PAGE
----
Preventing accidental hot car deaths

So far this year, there have been 17 children who have died after being left in a hot car. The problem has awareness ever since the death of 22-month-old Cooper Harris and his father’s subsequent arrest.

According to KidsandCars.org, 670 children have died of heatstroke after being left in a hot vehicle. Every story of a child death is one of unimaginable tragedy.

Quite a few children have been rescued from hot cars this year too because people are aware of the problem and are quick to alert authorities or break into a car to release the child.

Here are some simple tips to avoid accidentally leaving a child in your care in a car:

  • Tilt your rear view mirror so that you can always see the child in your back seat.
  • Place your important belongings such as purse or cell phone in the rear floorboard when traveling with a child so that you will open the rear door to retrieve these items.
  • Place your children’s belongings, a stuffed toy or their diaper bag in the front seat when you travel as a visual reminder.
  • Ask your child’s caregivers to call you if your child has not arrived at n expected time.
  • Avail yourself of technology such as True Fit Alert which is an integrated car seat monitor and that alerts you via your cell phone if your child is out of their seat or if your child is left unattended in their seat and also monitors the ambient temperature in the vehicle.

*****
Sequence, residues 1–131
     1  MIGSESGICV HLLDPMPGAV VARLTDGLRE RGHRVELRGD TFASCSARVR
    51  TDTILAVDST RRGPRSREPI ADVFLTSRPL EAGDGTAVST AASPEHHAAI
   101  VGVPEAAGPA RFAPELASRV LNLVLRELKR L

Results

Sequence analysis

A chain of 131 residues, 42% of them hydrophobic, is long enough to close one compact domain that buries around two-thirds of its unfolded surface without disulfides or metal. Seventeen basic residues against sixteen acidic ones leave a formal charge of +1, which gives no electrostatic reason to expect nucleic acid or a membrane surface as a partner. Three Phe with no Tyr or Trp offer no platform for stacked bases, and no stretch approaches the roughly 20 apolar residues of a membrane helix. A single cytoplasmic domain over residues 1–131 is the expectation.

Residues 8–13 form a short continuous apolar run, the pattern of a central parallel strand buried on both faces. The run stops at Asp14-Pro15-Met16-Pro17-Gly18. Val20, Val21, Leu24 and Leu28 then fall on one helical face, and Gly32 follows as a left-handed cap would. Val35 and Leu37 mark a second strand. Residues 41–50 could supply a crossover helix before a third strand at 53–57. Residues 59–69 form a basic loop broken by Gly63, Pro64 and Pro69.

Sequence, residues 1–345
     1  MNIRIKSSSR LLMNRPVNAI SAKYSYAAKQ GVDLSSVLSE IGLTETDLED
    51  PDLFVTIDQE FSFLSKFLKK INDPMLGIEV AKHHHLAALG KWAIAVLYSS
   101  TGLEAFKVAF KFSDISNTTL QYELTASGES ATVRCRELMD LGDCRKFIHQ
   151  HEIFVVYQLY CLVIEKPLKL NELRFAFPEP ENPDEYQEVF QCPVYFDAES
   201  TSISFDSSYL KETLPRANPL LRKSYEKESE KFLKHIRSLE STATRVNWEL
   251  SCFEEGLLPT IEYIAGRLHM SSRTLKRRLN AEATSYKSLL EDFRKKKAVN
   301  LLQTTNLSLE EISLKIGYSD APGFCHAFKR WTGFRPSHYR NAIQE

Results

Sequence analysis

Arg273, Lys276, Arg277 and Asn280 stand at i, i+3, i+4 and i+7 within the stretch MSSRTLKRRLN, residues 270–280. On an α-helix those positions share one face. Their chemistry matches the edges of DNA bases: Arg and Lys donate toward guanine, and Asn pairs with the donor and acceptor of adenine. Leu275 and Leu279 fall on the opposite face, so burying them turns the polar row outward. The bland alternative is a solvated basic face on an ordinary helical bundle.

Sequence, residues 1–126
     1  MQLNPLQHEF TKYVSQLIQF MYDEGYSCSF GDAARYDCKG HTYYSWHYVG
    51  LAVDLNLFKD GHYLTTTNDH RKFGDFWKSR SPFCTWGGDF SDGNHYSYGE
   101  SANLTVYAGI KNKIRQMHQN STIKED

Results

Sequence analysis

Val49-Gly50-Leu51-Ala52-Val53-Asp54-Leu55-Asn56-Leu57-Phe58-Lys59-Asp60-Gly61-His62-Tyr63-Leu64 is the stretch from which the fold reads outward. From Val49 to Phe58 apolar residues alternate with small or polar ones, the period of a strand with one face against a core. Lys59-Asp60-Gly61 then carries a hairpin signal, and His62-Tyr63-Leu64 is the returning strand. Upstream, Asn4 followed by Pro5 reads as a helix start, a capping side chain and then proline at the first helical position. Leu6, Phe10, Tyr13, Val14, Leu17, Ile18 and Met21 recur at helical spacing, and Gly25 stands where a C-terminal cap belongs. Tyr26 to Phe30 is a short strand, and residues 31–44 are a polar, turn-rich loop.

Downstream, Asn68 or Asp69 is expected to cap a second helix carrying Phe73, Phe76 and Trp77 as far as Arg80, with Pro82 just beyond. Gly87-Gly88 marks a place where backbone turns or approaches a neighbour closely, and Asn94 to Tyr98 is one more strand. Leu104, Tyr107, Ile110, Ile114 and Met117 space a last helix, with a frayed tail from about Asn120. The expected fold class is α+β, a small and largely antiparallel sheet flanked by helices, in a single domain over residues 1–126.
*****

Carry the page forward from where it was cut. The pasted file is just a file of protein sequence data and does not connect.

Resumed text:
• Make sure you lock your car when you have arrived to home to prevent your child from climbing in the vehicle to play.
  • Place your car keys where a child can not get to them.
  • If a child is missing, check your vehicle including the trunk immediately

This information is provided by Seattle Car Accident Lawyer blog, a service of The Farber Law Group. We represent car accident victims and their families.

Contact The Farber Law Group at 1-800-244-9087 or attorney@hgfarber.com to schedule a free and confidential case evaluation. Our Bellevue office is here to assist you.

Related Posts:

Consumer advisory warns Washington parents and caregivers of risks of hot car deaths
Child fatalities due to hot cars increasing
Prevent heatstroke: don’t leave children or pets in cars